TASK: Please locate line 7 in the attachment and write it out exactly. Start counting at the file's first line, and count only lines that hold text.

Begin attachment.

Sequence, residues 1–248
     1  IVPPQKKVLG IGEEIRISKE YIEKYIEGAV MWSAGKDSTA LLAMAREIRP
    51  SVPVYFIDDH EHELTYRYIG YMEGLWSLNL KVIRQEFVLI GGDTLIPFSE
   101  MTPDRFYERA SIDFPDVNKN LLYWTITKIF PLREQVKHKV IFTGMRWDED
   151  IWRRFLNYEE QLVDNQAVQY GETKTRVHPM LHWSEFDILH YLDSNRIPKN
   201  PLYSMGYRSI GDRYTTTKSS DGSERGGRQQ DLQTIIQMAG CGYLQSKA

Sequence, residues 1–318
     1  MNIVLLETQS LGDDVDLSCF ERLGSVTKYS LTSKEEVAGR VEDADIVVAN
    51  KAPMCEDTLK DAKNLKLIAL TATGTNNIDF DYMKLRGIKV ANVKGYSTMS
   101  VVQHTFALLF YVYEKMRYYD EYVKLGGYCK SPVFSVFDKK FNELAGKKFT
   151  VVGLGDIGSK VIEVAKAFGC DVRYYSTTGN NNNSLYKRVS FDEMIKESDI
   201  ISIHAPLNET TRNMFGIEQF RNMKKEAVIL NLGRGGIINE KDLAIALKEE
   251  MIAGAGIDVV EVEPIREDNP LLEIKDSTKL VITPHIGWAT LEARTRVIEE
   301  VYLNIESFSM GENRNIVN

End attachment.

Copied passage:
Sequence, residues 1–318